Creating a felting inspired by a poem by Nessie Dunsmuir has been a process full of developing greater understanding and inspiration.
W.S.Graham is a fascinating poet, writing profound and exciting poetry and letters and his partner, Nessie Dunsmuir has a presence that is woven lovingly throughout his life and work. I’ve wondered about her, a quiet, supporting strength to WSG and resolved to find out a little more about her, in her own words.
I’d discovered that a slim volume of her poetry had been published, but couldn’t find a copy until I thought of The Hypatia Trust which collects, and makes available, published and personal documentation about the achievements of women in every aspect of their lives. I contacted them in Penzance, Cornwall and they have a copy in their poetry collection! housed in the beautiful Victorian mansion that is Morrab Library.
It was emotional and sensitive and I felt like I was meeting her at last, Nessie in her own words.
Reading the poem 'By the Window' created such strong visuals for me and I just had to create a felting!
By the Window
by Nessie Dunsmuir
Here by the window blackthorn and elder tree
sharpen my sight to love. The shadows of
small birds descend and raise,
clearer than print on page,
deeply forgotten colours of my stumbling days.
The Easter fields of children turn again
the legend’s wheel. The painted eggs begin
to roll our death away.
In the cold April day
each child is blessed and lies with Spring within.
Here by my head blackbird and beaded tree
borrow me back from Easter’s cross and kiss.
Bracken fronds hand me light.
My own beginning eyes
load at the sill the buds breaking to white.
I love the themes of newness, beginning, Spring, peace, love, light, reminiscence, looking onto a brighter, more hopeful world -individually to universally and the cycle of life…
I loved the imagery of Easter, children, painted eggs, a cold April day, a blackthorn, buds and flowering, the elder tree, the flying birds in the scene falling and rising and the image of the printed page…their shadows, marks and meaning… and the blackbird had to be Nessie, a female blackbird, looking out, observing….
Finding out more about the symbolism of the elder and blackthorn was fascinating, too, I’ve always known these twisted, gnarled branches as witchery fingers and that they are associated with the dark side of the year and quite sinister, however the Celts observed that this tree produced some of the sweetest berries among the sacred tribe of trees, at their most succulent and sweetest after a hard frost… the blessing comes after the challenge.
The elder too, as the Goddess tree, the Elder Mother, The Queen of Herbs, full of magical, sacred properties; a tree of beginnings and endings, of birth and death, a spirit of transformation and the crossing of thresholds…
I met the lady who bought my felting in the exhibition at The Gurnard’s Head and she told me how much she loved the poem and that her friend would too.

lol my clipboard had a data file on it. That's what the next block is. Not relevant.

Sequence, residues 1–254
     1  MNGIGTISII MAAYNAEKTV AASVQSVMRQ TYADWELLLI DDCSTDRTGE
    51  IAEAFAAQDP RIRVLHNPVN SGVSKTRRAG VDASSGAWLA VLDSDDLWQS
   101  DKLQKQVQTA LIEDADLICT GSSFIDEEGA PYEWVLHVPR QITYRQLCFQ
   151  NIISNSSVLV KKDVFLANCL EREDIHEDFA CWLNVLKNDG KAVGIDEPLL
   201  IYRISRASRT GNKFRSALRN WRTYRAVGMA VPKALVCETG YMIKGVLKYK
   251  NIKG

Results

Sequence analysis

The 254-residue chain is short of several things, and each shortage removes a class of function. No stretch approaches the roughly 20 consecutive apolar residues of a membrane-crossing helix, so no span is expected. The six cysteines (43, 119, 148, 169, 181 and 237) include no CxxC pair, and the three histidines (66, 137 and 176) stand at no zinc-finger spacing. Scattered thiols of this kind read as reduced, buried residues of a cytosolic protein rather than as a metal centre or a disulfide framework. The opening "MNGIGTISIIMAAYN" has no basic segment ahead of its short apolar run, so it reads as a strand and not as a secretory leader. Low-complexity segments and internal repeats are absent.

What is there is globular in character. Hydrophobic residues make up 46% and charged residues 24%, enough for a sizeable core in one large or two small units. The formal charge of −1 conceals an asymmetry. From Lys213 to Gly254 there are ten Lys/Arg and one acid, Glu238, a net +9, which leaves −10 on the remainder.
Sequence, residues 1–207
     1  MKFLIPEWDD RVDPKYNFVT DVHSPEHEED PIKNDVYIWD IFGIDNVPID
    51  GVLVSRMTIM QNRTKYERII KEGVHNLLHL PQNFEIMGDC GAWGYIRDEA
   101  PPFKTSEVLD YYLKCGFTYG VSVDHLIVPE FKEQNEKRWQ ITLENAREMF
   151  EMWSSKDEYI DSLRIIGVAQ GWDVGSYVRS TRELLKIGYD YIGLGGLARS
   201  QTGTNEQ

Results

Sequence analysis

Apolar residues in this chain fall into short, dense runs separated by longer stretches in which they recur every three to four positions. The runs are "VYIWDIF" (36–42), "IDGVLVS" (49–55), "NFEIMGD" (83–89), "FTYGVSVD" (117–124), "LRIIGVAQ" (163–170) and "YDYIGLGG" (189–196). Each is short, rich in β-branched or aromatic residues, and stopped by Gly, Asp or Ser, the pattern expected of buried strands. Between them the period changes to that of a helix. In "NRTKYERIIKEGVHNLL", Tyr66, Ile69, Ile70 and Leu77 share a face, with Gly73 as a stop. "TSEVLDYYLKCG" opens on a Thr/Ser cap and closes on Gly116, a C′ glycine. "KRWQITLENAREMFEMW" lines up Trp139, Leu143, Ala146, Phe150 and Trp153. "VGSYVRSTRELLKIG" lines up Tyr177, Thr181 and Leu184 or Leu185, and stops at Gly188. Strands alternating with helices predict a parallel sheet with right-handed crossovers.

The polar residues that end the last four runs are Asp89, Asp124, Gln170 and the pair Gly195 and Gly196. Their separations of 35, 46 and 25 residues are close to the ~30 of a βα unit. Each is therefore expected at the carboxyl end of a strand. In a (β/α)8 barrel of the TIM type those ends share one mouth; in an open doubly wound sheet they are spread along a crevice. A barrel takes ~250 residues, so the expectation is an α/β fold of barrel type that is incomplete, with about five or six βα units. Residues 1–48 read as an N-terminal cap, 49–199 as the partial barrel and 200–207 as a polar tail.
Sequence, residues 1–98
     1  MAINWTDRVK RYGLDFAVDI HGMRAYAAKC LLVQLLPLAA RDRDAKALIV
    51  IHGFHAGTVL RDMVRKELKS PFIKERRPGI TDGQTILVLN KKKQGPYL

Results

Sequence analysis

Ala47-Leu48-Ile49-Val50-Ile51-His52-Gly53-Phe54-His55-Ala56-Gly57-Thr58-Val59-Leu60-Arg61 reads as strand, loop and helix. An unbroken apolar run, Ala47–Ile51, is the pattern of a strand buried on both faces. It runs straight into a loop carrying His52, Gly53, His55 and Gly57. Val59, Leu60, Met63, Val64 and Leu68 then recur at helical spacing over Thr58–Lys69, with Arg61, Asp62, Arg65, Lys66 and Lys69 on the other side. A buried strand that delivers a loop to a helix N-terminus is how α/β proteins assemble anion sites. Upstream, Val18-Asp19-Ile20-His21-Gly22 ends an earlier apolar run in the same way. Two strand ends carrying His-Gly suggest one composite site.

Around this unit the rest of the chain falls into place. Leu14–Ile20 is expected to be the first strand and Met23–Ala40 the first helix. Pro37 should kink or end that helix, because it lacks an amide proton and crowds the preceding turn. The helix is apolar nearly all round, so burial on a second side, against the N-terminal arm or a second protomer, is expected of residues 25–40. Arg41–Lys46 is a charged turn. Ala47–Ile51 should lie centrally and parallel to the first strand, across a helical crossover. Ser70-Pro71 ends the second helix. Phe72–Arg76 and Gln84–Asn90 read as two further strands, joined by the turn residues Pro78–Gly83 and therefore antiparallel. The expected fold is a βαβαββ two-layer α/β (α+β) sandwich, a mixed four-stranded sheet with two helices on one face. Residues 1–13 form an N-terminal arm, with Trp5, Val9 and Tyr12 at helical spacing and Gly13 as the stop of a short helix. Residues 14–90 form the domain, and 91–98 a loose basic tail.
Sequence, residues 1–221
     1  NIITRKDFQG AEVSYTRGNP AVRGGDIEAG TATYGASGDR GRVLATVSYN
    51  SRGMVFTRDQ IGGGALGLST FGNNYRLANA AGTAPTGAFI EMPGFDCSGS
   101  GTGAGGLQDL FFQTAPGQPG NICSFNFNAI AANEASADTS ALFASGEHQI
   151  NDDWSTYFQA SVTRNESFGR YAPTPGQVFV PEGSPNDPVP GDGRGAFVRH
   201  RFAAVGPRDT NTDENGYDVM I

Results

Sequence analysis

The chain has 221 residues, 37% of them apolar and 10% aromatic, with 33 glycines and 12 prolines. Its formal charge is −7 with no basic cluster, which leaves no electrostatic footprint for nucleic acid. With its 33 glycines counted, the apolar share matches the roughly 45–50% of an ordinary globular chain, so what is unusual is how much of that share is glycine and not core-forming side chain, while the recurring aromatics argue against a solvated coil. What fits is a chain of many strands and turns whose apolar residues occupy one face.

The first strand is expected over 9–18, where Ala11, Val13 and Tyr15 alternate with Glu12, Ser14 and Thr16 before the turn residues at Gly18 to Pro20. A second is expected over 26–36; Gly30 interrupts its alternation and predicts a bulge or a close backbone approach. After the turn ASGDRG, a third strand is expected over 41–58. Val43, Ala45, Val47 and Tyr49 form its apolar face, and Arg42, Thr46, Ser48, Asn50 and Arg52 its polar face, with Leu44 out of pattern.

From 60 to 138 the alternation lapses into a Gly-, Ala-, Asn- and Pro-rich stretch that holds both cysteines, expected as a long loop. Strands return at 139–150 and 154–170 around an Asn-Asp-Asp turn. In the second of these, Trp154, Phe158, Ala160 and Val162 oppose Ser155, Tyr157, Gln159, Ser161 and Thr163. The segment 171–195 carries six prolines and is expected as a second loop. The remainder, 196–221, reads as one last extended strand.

It felt so wonderful, knowing that Nessie Dunsmuir and her poems are here, present in this W.S. Graham exhibition at The Gurnard's Head, Zennor where she used to visit, sing and meet with friends ... and that her poems are bringing happiness to others who read them and love them.
Happy New Year wishes!
I've been reading the wonderful 'A Year with Rilke' translated and edited by Joanna Macy and Anita Barrows; these are daily readings which bring together many of Rilke's beautiful works, and for the 3rd of January is the poem 'Entering', from 'Book of Images' - just right for the year's beginning:
'Entering' by Rainer Maria Rilke
Whoever you may be: step into the evening.
Step out of the room where everything is known.
Whoever you are,
your house is the last before the far-off.
With your eyes, which are almost too tired
to free themselves from the familiar,
you slowly take one black tree
and set it against the sky: slender, alone.
And you have made a world.
It is big
and like a word, still ripening in silence.
And though your mind would fabricate its meaning,
your eyes tenderly let go of what they see.
Rilke's poetry often explores beginnings and departures, seeing and creating anew, being on the verge of the undiscovered... and stillness - evoking a presence beyond words and concepts. I always see strong visuals and colours when I read his work and love the creating and letting go in this poem...
Do you find this too? That when reading poetry or any form of writing, you experience colours and visuals?... I'd love to know whether reading inspires you to paint and create.
Please click here to read more, in the current newsletter...
I was so happy to take part in a charity art auction this month, for Cornwall Hospice Care at The Exchange gallery, part of 'Newlyn Art Gallery and The Exchange' in Penzance. The event raised much needed funds for this important charity and was attended by many.
It was an honour for me to show my work alongside many well-known and inspiring local artists and it's wonderful to know that my felting, inspired by a line in a poem by the local poet W.S. Graham has found a happy home.
'A few scattered rooks blown against the pewter sky' from 'Waiting for Snow' by W.S.Graham
(please click for catalogue of artworks in the auction)
My feltings to illustrate an accompanying resource for a life-changing course